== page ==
All 3 affected members of family 15 shared a haplotype at the TNFRSF1A locus, but this was also present in an unaffected parent and sibling (Figure 2). The possibility of a low-penetrance TNFRSF1A mutation was not supported by the results of sequencing of the complete coding region and 800 bp of the promoter region of TNFRSF1A in the proband. Furthermore, there were recombinants at all other known periodic fever loci, as well as TNFRSF1B (data not shown). FMF was also excluded by direct sequencing.

Exclusion of mutations in both TNFRSF1B and NALP3/CIAS1/PYPAF1 genes.

No mutations in the TNFRSF1B or NALP3/CIAS1/PYPAF1 genes were identified in the 8 TNFRSF1A mutation–negative families.

Soluble TNFRSF1A levels in plasma.

Soluble TNFRSF1A levels (normal range 746–1,966 pg/ml) were reduced in most affected members of all of the TRAPS families, regardless of the mutation (Table 1 and Figure 3A). The exceptions were 4 patients with renal insufficiency and 5 others, 2 of whom had very active inflammatory disease. Elevation of the sTNFRSF1A concentration in association with active inflammation was shown to produce pseudonormalization of the value in patient 5-III-12 with the C52R mutation and the patient with sporadic TRAPS and the R92Q mutation (Table 1 and Figure 4). The relationship more generally between sTNFRSF1A concentration and the acute-phase plasma protein response, determined by measurement of C-reactive protein, is shown in Figure 4.

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Figure 3. Soluble tumor necrosis factor receptor superfamily 1A (sTNFRSF1A) levels in A, patients and families with tumor necrosis factor receptor–associated periodic syndrome (TRAPS), B, TNFRSF1A mutation–negative patients and families, and C, patients with sporadic TRAPS. Solid columns represent patients; open columns represent asymptomatic family members; shaded columns indicate probably affected family members. Upper and lower limits of normal are shown by the horizontal broken lines. ∗ denotes patients with renal transplant; # denotes a patient receiving dialysis.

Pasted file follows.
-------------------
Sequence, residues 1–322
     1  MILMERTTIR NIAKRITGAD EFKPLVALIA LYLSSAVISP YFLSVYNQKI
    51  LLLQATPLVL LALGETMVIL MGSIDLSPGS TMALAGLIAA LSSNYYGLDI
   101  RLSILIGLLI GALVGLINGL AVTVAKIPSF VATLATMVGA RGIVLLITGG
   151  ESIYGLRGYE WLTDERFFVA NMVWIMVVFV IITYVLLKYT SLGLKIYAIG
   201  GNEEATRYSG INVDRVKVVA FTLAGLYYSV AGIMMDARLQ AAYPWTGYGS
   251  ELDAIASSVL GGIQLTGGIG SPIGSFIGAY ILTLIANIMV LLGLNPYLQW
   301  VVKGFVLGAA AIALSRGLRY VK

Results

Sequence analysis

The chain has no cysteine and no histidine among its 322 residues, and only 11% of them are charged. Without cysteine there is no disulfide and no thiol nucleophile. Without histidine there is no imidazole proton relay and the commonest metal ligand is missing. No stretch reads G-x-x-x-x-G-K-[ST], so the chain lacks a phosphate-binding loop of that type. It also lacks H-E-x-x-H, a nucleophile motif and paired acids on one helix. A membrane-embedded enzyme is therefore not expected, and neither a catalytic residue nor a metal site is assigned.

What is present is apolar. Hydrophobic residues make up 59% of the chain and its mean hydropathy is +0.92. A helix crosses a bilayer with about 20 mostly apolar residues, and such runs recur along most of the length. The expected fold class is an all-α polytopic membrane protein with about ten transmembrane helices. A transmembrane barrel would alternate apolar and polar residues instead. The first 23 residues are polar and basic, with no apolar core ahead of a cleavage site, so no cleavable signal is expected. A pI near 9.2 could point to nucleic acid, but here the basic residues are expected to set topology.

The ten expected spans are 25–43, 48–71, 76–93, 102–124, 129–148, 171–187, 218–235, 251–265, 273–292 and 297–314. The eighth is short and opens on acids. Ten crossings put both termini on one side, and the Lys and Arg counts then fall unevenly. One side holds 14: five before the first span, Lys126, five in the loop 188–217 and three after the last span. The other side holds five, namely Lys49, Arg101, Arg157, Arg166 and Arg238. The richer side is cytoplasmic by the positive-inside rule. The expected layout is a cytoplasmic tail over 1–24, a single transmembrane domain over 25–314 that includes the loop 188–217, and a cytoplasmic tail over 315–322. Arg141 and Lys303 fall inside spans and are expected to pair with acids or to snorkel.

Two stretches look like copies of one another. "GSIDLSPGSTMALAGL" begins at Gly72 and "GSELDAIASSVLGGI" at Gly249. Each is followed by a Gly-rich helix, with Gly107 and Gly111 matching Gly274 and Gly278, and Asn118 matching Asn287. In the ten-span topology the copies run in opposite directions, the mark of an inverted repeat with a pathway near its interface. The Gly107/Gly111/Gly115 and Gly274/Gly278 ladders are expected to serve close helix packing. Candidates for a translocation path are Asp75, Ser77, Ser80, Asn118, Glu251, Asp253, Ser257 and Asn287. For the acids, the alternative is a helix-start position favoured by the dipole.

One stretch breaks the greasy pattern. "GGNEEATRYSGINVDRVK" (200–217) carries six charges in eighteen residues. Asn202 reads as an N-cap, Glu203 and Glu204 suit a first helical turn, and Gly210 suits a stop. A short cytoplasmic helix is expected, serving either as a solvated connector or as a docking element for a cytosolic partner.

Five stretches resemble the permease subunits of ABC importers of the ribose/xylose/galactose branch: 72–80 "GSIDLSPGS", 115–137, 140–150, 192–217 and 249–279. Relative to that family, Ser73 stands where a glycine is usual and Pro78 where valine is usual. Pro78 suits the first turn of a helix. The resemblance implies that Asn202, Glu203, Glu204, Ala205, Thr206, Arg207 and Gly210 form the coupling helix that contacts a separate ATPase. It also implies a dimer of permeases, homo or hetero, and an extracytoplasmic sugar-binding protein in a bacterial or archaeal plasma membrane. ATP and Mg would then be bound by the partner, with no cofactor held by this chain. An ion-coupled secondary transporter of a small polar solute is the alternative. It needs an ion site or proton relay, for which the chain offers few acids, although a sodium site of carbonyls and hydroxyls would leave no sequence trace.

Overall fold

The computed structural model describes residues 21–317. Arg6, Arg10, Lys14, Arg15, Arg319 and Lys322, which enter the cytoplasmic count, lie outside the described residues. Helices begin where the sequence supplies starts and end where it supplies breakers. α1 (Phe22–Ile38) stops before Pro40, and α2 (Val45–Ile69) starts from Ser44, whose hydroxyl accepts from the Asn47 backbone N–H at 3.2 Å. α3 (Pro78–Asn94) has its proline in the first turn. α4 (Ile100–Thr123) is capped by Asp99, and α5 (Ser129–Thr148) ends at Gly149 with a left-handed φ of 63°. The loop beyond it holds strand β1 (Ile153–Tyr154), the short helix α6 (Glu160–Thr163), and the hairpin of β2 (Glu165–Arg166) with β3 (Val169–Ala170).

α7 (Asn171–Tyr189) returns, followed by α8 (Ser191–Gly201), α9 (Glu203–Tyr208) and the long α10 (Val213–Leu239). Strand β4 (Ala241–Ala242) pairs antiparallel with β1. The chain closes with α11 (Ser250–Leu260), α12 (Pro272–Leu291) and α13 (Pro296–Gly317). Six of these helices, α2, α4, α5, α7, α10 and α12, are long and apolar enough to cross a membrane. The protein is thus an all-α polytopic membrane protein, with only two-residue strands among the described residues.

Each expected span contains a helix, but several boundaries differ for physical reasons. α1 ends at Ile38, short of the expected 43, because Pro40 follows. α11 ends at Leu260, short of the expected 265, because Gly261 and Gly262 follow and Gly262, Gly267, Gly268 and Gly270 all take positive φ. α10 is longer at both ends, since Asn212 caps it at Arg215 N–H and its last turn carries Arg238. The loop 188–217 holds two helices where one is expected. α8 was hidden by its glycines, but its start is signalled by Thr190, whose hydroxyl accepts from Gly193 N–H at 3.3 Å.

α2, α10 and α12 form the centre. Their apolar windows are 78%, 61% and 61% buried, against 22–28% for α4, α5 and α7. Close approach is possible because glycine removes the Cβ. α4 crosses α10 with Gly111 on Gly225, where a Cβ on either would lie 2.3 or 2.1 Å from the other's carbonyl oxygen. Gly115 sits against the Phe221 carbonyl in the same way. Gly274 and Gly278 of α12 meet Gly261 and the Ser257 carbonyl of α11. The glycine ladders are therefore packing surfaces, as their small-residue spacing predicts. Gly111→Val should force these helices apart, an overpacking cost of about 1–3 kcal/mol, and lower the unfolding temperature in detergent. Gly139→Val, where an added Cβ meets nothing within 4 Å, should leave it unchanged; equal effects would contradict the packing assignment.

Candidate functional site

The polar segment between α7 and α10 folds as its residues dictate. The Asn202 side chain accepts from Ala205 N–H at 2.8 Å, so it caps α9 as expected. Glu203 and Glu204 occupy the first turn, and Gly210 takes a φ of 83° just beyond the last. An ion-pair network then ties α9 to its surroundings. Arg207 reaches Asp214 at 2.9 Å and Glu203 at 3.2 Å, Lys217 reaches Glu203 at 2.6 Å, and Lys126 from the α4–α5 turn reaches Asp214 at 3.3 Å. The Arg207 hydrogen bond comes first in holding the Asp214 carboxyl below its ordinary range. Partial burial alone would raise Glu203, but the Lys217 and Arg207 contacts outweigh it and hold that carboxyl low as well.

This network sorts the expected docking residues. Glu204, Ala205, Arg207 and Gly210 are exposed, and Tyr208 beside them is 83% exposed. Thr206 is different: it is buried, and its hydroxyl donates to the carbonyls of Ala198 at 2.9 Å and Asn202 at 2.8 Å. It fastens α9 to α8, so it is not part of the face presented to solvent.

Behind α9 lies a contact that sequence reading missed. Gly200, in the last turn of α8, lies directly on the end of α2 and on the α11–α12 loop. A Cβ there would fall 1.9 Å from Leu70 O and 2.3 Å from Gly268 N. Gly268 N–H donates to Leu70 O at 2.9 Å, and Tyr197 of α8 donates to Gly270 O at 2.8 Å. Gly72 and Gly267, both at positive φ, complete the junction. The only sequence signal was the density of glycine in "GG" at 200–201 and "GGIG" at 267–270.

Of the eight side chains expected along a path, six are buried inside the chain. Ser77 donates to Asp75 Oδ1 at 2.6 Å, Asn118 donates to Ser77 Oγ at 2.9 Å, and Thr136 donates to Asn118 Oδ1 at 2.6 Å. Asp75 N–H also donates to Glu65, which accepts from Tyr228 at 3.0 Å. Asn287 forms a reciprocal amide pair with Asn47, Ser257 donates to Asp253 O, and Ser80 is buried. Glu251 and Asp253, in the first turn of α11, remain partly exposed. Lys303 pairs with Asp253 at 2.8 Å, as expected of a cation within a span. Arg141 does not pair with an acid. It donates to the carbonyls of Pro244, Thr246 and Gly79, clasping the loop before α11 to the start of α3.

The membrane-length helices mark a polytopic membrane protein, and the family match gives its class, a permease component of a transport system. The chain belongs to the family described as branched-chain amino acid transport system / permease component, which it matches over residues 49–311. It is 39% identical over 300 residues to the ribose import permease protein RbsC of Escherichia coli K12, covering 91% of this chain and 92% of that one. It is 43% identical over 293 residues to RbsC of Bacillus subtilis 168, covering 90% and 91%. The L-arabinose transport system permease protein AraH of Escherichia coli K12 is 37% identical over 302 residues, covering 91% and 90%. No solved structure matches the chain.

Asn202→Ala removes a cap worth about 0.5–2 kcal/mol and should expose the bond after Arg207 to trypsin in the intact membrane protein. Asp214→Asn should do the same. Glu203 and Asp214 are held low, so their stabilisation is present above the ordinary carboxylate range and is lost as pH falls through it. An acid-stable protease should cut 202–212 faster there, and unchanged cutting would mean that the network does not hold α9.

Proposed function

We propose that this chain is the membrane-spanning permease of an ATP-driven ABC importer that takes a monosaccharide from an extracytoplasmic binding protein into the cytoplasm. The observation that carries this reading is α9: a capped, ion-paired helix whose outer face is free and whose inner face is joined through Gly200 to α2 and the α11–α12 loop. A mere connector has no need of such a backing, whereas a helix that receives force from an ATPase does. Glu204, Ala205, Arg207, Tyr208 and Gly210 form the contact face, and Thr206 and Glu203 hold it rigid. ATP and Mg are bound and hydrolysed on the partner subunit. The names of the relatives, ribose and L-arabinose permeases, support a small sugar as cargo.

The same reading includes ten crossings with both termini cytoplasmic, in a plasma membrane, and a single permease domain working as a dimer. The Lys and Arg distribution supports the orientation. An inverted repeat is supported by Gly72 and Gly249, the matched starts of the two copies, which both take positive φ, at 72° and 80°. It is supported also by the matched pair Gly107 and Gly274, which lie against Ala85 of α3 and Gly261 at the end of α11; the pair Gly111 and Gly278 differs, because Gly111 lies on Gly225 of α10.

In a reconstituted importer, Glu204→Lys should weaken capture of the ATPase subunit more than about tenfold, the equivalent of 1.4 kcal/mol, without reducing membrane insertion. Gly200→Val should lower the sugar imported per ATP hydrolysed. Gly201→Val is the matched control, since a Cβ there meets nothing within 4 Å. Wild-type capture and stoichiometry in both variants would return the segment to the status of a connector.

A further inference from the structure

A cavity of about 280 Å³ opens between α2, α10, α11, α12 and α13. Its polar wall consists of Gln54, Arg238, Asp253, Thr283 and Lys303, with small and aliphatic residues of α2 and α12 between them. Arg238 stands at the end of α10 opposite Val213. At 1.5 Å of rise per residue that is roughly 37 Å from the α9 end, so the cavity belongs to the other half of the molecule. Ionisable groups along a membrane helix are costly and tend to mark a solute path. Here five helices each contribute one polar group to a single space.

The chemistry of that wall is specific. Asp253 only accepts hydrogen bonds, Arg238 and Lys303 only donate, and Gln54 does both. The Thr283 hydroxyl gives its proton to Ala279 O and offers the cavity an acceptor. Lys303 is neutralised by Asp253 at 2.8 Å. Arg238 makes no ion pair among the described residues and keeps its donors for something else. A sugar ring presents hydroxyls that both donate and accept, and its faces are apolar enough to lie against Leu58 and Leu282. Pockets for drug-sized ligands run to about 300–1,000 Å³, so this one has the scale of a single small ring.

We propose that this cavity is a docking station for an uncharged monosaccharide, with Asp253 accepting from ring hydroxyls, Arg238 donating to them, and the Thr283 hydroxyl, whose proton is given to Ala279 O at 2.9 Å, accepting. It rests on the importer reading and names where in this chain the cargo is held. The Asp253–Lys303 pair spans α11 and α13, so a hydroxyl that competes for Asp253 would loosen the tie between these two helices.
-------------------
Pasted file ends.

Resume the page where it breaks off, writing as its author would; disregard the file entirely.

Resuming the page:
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Figure 4. Serial measurements of sTNFRSF1A (in pg/ml; scale on left), C-reactive protein (CRP) (in mg/liter; scale on right), and serum amyloid protein (SAA) (in mg/liter; scale on right) in A, a TRAPS patient with the R92Q variant and B, a TNFRSF1A mutation–negative patient, showing that all levels tended to rise and fall simultaneously in these patients. See Figure 3 for other definitions.

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The sTNFRSF1A concentration was also low in an asymptomatic carrier of the C52R mutation, and in 4 of 8 families in whom a TNFRSF1A mutation was not found (Table 2 and Figure 3B). Among 114 patients with sporadic TRAPS from whom sera were available for study, values were around the lower limit of the normal range in 34 (30%) and below this in 8 (Figure 3C). The values in the remaining 72 patients with sporadic TRAPS were either within (50 patients) or above (22 patients) the normal range. Soluble TNFRSF1A levels were significantly lower in TRAPS patients with mutations (mean ± SD 637 ± 242 pg/ml) (Table 4) than in normal control subjects (962 ± 228 pg/ml; P < 0.0001 by Student's 2-tailed t-test) (Table 4). Although the mean value among affected members of mutation-negative families (862 ± 349 pg/ml) was within the normal range, there was marked interfamilial variation, and very low levels were observed in the symptomatic members of families 11, 12, 13, 15, and 18. Repeated measurements revealed low or borderline sTNFRSF1A levels in members of some other families (Figure 3B).

Table 4. Mean ± SD soluble TNFRSF1A and TNFRSF1B levels in TRAPS families, TNFRSF1A mutation–negative families, patients with sporadic TRAPS, and controls*
SubjectsNo. of subjectsSoluble TNFRSF1A, pg/ml (normal 746–1,966)Soluble TNFRSF1B, pg/ml (normal 1,003–3,170)
  • *

    See Table 1 for definitions.

  • All subjects were affected family members.

  • P < 0.0001 versus controls.

  • §

    P < 0.0033 versus controls.

TRAPS families19637 ± 2422,181 ± 560
Mutation-negative families21862 ± 3491,894 ± 527
Sporadic TRAPS1141,417 ± 735§2,530 ± 1,468
Controls24962 ± 228

Plasma sTNFRSF1A levels varied substantially among the patients with sporadic TRAPS and were elevated in 19% (22 of 118) (Figure 3C). The mean values in this group were significantly higher than in controls (P < 0.0033) (Table 4), a finding that would be expected in patients with active inflammatory diseases. Levels of sTNFRSF1B were similar among patients from families with TRAPS, families without mutations, and patients with sporadic TRAPS.

Determination of TNFRSF1A expression and shedding by FACS analysis.